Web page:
I just put them back in the kennel a little while ago and the kennel is finally quiet for the first time today.  I think they wore each other out!


Enjoy this sunshine and Slack Leads to you all!

Another Sunday in the Church of Dog


We decided to take the shotgun for a walk so the dogs and I headed toward Mt Rainier.


..and we drove up in the boonies near Morton.


Peck is pretty sure there’s a grouse up here somewhere:


C’mon, we’re almost to the top!


Hmmm. No bird on that hill either!


There was lots of time to take pictures and I could have left the shotgun at home.  We didn’t see a single grouse.  None of God’s innocent little creatures were harmed in the making of this blog post, but I must confess that we had mayhem in our hearts and minds!  We just couldn’t find any birds that wanted to cooperate.  It was a beautiful day and everybody agreed that the air was fresh and the sun was bright. We were thankful for that!

Hope you all had a wonderful weekend!

Nutrition War Rages On!

Image           Image

This article by Dr Doug Knueven in Dogs Naturally Magazine explains recent research on lupine/canine adaptation to a human diet.  The research shows evidence that part of the genetic adaptation which occurred as wolves became dogs was an ability to process carbohydrates found in some of the dogs that were studied. 

The title of Dr. Knueven’s article is rather provocative and is meant to be so.  As you read further in the article you find the good Dr. has a balanced approach toward the research.  After careful consideration, he concludes that, while some dogs carry genes that may enable them to thrive on a starchy diet; the vast majority of dogs will continue to get the most benefit from a grain-free ancestral diet.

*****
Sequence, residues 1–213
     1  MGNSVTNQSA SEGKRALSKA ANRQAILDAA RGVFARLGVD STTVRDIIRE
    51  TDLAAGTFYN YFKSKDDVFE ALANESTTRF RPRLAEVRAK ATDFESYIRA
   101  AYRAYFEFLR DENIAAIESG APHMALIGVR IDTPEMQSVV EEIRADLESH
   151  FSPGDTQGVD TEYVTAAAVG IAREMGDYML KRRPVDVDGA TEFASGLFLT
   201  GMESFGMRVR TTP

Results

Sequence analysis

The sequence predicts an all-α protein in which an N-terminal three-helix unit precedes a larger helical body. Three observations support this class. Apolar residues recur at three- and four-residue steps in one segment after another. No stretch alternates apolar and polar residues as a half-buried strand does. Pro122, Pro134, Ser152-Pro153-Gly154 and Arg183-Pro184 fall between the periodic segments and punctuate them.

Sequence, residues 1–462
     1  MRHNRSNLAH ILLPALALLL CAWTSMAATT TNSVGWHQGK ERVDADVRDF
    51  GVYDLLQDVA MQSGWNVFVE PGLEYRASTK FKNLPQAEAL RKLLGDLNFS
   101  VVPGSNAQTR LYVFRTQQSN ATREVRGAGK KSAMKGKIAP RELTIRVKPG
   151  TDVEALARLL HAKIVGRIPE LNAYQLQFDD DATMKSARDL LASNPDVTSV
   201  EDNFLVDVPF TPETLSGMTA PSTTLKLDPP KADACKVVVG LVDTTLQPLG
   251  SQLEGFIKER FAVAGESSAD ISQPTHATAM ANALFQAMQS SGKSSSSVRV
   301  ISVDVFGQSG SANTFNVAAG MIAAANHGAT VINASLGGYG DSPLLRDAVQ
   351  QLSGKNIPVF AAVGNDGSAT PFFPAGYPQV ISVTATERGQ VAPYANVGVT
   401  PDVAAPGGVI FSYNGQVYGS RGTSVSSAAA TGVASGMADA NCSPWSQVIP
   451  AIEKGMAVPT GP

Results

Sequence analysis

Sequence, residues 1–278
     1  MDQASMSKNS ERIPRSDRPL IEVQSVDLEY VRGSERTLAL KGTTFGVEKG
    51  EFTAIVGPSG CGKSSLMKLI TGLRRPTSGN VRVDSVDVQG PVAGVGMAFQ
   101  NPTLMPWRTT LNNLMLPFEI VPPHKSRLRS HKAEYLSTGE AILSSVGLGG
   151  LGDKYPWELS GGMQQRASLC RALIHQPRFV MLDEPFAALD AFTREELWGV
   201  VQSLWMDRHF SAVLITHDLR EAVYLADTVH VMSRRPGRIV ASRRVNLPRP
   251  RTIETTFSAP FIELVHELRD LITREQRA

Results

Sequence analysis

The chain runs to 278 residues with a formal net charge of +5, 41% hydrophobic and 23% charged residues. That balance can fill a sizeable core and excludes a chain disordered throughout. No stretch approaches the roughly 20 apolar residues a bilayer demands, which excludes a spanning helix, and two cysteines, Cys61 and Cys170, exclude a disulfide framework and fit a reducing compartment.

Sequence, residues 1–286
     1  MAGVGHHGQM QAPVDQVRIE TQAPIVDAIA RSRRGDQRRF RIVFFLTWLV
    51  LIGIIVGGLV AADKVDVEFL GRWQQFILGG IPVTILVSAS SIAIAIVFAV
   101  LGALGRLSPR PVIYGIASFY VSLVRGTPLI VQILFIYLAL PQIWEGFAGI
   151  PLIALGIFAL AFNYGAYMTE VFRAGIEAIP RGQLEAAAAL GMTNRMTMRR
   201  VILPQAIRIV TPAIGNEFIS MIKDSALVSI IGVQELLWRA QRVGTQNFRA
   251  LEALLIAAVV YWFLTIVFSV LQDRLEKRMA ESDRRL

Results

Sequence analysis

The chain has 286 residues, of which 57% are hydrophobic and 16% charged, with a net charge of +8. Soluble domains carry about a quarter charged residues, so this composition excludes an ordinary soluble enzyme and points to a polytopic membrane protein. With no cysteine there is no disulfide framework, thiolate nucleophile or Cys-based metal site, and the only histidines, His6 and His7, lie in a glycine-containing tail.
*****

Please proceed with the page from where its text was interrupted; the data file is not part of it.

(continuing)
My conclusion:  Dogs eat meat.  If they eat kibble, they will benefit most from kibble that contains the most meat.

Just as Dr. Knueven predicts, I believe this study will be used by the big dog food manufacturers to defend their extensive use of grain fillers. 

On a related note:  I had the opportunity last September to watch two wolves devour a good sized mule deer doe.  They did not eat the stomach contents.  They tore into the animal through the rectal area and proceeded to rip off and consume large hunks of tissue from the haunches and back area.  The next day the stomach and contents were still largely intact.  Corvids (ravens & crows) were working the carcass over by this time.

So much for the old saw about wolves always eating the stomach contents first.  Yes, I know, one incident is an anecdote, not research.  However one incident is enough to remove some of the certainty of previous assumptions.